The amount of unpaid UK tax rose by £5 billion to £36 billion for the 2021-2022 tax year, according to new figures from HMRC. This represents a 16% increase on the £31 billion ‘tax gap’ for the previous tax year (2020-2021).

HMRC’s annual Measuring Tax Gaps report estimates the difference between the total amount of tax expected to be paid and the total amount actually paid.

The latest figures reveal the amount of unpaid tax for 2021-2022 was 4.8% of total theoretical tax liabilities – the same as the revised estimate for 2020-2021. The tax gap has remained at 4.8% because estimated tax liabilities rose from £643 billion in 2020-2021 to £739 billion in 2021-2022.

And when it comes to the main behavioural reasons for the tax gap, the report reveals almost a third (30%) of the unpaid tax is down to taxpayers failing to take ‘reasonable care’.

What are the reasons for the unpaid tax?

The 2021-2022 Measuring Tax Gaps report reveals:

  • At 56% (£20.2 billion), small businesses represent the largest proportion of the tax gap by group, followed by criminals, large businesses and mid-sized businesses at 11% each (£4.1 billion, £3.9 billion and £3.8 billion respectively).
  • Wealthy individuals account for 5% (£1.7 billion), while all other individuals account for the remaining 6% (£2.1 billion) of the overall tax gap.
  • Income tax, National Insurance contributions and capital gains tax make up 35% (£12.7 billion) of the total tax gap when measured by type of tax.
  • Corporation tax is now estimated as the second largest component of the tax gap by tax type at 30% (£10.6 billion), while VAT represents 21% (£7.6 billion).
  • The main behavioural reasons for the tax gap include: failure to take reasonable care (30%), error (15%), evasion (13%), legal interpretation (12%), criminal attacks (11%) and non-payment (9%).

My thoughts on the tax gap figures

It’s interesting that almost a third (30%) of the tax gap is because taxpayers are failing to take reasonable care. This is different to making an error (15%) or deliberately not paying tax due (13%).

‘Failure to take reasonable care’ is a phrase HMRC uses when taxpayers incorrectly account for things because they don’t fully understand what they’re doing.

This significant chunk of unpaid tax backs up what most people in the tax world already know: tax is complicated and it’s very easy for taxpayers to get things wrong.

And with not all HMRC helplines being available and many people unable to afford formal tax advice, this is a real issue. How does a taxpayer take reasonable care to ensure their tax return entries are correct if they don’t have a professional tax adviser and HMRC guidance isn’t particularly clear?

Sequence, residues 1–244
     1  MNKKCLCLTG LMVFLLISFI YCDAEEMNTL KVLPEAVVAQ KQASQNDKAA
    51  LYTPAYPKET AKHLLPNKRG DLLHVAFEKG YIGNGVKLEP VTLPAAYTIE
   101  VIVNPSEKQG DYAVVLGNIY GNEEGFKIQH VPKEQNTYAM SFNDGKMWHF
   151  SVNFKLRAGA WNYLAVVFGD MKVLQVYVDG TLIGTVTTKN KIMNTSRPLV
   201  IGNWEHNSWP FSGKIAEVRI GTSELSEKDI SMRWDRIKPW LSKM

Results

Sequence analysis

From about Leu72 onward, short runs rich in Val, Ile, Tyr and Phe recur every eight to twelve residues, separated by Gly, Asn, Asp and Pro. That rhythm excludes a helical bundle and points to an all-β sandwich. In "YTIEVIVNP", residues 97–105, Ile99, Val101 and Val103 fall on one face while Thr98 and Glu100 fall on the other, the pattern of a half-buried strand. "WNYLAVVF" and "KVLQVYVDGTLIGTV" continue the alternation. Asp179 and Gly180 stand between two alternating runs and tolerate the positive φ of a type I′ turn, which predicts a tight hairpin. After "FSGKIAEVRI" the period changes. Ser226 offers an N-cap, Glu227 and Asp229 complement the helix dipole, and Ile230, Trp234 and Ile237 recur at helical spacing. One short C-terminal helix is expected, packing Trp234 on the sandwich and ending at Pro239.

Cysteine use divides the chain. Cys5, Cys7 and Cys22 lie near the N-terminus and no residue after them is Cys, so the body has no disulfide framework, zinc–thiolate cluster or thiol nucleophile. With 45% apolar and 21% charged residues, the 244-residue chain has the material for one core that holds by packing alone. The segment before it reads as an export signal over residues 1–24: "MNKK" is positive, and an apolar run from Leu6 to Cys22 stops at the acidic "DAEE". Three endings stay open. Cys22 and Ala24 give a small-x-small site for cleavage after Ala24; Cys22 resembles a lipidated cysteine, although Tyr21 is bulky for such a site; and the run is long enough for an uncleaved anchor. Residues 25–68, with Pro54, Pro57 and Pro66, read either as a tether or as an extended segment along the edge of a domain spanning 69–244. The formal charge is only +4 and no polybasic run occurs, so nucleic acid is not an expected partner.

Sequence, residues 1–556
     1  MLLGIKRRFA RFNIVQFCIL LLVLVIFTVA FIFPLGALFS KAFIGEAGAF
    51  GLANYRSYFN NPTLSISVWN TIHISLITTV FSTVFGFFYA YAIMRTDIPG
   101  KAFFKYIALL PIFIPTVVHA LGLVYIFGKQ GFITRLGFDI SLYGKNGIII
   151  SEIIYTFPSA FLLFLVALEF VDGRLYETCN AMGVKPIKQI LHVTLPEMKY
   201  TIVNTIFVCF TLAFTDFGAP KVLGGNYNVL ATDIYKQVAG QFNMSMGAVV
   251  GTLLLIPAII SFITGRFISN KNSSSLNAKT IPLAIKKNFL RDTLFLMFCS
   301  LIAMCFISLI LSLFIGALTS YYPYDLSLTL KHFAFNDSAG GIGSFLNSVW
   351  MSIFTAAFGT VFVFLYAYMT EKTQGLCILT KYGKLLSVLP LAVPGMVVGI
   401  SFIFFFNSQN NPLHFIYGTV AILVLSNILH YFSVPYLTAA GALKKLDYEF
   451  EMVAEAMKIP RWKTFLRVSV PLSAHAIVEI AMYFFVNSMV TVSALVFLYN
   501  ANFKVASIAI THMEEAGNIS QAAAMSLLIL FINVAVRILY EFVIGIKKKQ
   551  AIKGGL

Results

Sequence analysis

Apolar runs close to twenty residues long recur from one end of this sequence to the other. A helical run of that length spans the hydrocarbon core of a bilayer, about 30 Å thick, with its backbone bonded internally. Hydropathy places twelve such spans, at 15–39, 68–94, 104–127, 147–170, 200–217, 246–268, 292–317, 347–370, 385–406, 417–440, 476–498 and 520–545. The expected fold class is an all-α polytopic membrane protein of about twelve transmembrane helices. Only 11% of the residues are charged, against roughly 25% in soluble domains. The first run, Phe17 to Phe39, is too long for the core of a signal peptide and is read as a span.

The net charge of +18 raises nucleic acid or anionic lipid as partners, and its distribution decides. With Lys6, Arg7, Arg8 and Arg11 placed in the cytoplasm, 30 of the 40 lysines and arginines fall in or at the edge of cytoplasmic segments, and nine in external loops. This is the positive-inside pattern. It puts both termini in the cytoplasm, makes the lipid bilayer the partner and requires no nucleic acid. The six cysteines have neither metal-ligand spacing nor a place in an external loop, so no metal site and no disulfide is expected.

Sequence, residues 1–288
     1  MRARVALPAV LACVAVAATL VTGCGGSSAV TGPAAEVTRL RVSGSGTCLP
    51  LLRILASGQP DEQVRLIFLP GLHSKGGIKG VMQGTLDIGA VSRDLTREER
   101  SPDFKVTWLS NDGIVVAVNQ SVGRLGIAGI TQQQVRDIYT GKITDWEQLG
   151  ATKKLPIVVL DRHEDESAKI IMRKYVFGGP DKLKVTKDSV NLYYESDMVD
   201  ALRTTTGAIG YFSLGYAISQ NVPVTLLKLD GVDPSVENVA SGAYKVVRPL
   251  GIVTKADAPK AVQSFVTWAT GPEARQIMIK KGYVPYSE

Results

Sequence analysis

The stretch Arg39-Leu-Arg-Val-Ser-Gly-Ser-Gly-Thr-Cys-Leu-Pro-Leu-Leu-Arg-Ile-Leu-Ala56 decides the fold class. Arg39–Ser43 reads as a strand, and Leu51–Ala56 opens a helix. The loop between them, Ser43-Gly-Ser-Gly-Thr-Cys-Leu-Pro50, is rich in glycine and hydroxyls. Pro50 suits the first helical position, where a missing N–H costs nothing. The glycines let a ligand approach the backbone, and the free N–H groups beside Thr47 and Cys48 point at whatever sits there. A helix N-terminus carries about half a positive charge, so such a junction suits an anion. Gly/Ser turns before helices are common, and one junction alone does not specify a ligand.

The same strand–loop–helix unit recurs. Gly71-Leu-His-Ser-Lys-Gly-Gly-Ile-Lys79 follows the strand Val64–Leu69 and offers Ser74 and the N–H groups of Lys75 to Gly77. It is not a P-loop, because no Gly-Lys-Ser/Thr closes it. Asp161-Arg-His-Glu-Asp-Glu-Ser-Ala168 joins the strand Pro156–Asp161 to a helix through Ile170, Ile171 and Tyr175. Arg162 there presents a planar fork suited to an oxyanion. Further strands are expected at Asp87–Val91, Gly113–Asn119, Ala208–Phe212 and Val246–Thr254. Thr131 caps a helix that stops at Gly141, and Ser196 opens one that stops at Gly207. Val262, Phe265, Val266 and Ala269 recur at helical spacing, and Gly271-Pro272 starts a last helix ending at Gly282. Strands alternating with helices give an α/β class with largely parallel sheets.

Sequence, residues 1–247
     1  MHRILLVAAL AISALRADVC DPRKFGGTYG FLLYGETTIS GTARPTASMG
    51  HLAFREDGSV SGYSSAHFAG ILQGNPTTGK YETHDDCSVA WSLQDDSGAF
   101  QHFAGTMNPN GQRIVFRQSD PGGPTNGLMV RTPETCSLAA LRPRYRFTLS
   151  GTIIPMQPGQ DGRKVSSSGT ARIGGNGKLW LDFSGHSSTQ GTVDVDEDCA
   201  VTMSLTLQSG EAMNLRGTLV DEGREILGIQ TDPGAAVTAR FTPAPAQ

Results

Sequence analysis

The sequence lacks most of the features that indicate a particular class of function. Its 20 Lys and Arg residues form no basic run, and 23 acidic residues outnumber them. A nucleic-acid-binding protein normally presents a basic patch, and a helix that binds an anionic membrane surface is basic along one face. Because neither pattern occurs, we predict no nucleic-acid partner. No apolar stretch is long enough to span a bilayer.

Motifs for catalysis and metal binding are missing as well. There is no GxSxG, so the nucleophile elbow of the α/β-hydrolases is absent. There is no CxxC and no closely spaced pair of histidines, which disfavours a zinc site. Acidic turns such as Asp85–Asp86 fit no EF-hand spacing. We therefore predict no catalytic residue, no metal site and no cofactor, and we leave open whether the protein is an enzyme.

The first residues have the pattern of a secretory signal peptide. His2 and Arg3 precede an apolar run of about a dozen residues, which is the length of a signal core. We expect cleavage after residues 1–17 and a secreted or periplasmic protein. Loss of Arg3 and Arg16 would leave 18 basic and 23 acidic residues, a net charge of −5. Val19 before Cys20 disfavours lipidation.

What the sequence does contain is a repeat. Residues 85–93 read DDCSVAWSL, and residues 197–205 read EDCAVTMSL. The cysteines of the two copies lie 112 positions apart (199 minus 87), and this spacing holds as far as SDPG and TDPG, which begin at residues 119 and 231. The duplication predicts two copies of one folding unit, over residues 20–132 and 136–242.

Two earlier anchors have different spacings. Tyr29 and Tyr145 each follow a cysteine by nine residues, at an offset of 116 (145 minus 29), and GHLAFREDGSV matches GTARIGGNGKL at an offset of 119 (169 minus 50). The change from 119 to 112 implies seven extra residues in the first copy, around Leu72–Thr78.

In an ideal world the answer would be to simplify the tax system. But that’s not happening anytime soon.

So, the next best answer must be education.

It’s astounding that financial skills – such as completing a tax return, how to check a P60, the difference between employed and self-employed – aren’t taught as core topics in schools.

We therefore have a mismatch where HMRC relies on taxpayers to produce accurate information, yet most taxpayers aren’t educated sufficiently in terms of how tax works to do this.

We need to start with the education system. And while tax may not be the most fun topic in the world to teach, it could ensure everyone involved understands the system better.

Background to the report – and HMRC comments

The Measuring Tax Gaps report covers a single tax year for all the taxes, levies and duties HMRC administers, and figures may be revised as more data becomes available.

Jonathan Athow, HMRC’s Director General for Customer Strategy and Tax Design, said: “The tax we collect funds the country’s public services and we want to ensure everyone pays the correct amount. These figures show most taxpayers and businesses pay what they should.

“This important research enables us to better help those making common mistakes or failing to take sufficient care, as well as tackling the minority deliberately hiding their income.”

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Steph Churchill

Stephanie Churchill

Managing director & co-owner of Churchill Taxation